Next she became involved in the struggle to recover lands for the Anishinaabe. An 1867 treaty with the United States had originally provided a territory of more than 860,000 acres for the White Earth Indian Reservation. Under the Nelson Act of 1889, an attempt to have the Anishinaabe assimilate by adopting a European-American model of subsistence farming, communal tribal land had been allotted to individual households. The US classified any land in excess as surplus, allowing it to be sold to non-natives. In addition, many Anishinaabe sold their land individually over the years; these elements resulted in the tribe's losing control of most of its land. By the mid-20th century, the tribe held only one-tenth of the land within its reservation.[2]

In 1989, LaDuke founded the White Earth Land Recovery Project (WELRP) in Minnesota with the proceeds of a human rights award from Reebok. The goal is to buy back land within the reservation that had been bought by non-Natives and to create enterprises that provide work to Anishinaabe. By 2000, the foundation had bought 1200 acres, which it held in a conservation trust for eventual cession to the tribe.[2]

The non-profit is also working to reforest the lands and a revive cultivation of wild rice, long a traditional food. It markets that and other traditional products, including hominy, jam, buffalo sausage and other products. It has started an Ojibwe language program, a herd of buffalo, and a wind-energy project.[2]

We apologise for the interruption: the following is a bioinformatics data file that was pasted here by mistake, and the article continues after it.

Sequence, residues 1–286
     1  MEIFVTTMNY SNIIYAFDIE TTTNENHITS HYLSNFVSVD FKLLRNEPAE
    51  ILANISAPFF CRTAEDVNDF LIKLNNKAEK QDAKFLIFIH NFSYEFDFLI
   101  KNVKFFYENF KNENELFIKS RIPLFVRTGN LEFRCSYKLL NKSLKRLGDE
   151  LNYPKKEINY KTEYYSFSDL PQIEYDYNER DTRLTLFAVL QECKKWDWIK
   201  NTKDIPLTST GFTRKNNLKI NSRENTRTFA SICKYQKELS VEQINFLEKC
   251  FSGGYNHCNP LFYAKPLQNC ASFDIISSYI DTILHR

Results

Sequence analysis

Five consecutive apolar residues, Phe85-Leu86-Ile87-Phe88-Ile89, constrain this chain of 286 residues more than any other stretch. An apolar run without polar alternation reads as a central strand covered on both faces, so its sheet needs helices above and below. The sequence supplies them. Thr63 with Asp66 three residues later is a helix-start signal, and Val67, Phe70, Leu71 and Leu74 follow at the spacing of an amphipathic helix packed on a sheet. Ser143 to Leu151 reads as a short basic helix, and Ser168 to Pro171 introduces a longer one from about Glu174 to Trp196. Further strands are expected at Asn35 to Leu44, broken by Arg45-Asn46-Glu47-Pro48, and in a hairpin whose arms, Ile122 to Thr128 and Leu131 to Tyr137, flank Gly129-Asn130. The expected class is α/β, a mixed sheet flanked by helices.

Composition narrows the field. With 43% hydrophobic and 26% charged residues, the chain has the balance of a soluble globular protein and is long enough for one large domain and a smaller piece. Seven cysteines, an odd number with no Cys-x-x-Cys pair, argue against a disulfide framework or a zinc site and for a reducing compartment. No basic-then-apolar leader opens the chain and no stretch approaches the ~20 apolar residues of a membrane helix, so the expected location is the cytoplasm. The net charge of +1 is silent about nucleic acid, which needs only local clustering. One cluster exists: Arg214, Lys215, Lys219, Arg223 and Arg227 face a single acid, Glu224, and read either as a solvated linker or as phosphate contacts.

LaDuke is also Executive Director of Honor the Earth, an organization she co-founded with the non-Native folk-rock duo, the Indigo Girls in 1993. The organization's mission is:

to create awareness and support for Native environmental issues and to develop needed financial and political resources for the survival of sustainable Native communities. Honor the Earth develops these resources by using music, the arts, the media, and Indigenous wisdom to ask people to recognize our joint dependency on the Earth and be a voice for those not heard.[4]

LaDuke was selected by The Evergreen State College Class of 2014 to be a keynote speaker and delivered her address at the school's graduation on June 13, 2014.[citation needed]

In 2016, LaDuke was involved in the Dakota Access Pipeline protests, participating at the resistance camps in North Dakota as well as speaking to the media on the issue.[5]

Political career[edit]

In 1996 and 2000, LaDuke ran as the vice-presidential candidate with Ralph Nader on the Green Party ticket. She was not endorsed by any tribal council or other tribal government. LaDuke endorsed the Democratic Party ticket for the president and vice-president in 2004,[6] 2008,[7] and 2012.[8]

In 2016, Robert Satiacum, Jr., a faithless elector from Washington cast his presidential vote for Native American activist, Faith Spotted Eagle; he then cast his vote for Vice President for Winona LaDuke, making her the first Native American woman to receive an Electoral College vote for Vice President.[9]

White Earth Land Recovery Project[edit]

WELRP has worked to revive cultivation and harvesting of wild rice, a traditional food of the Ojibwe people. It produces and sells traditional foods and crafts through its label, Native Harvest.[10]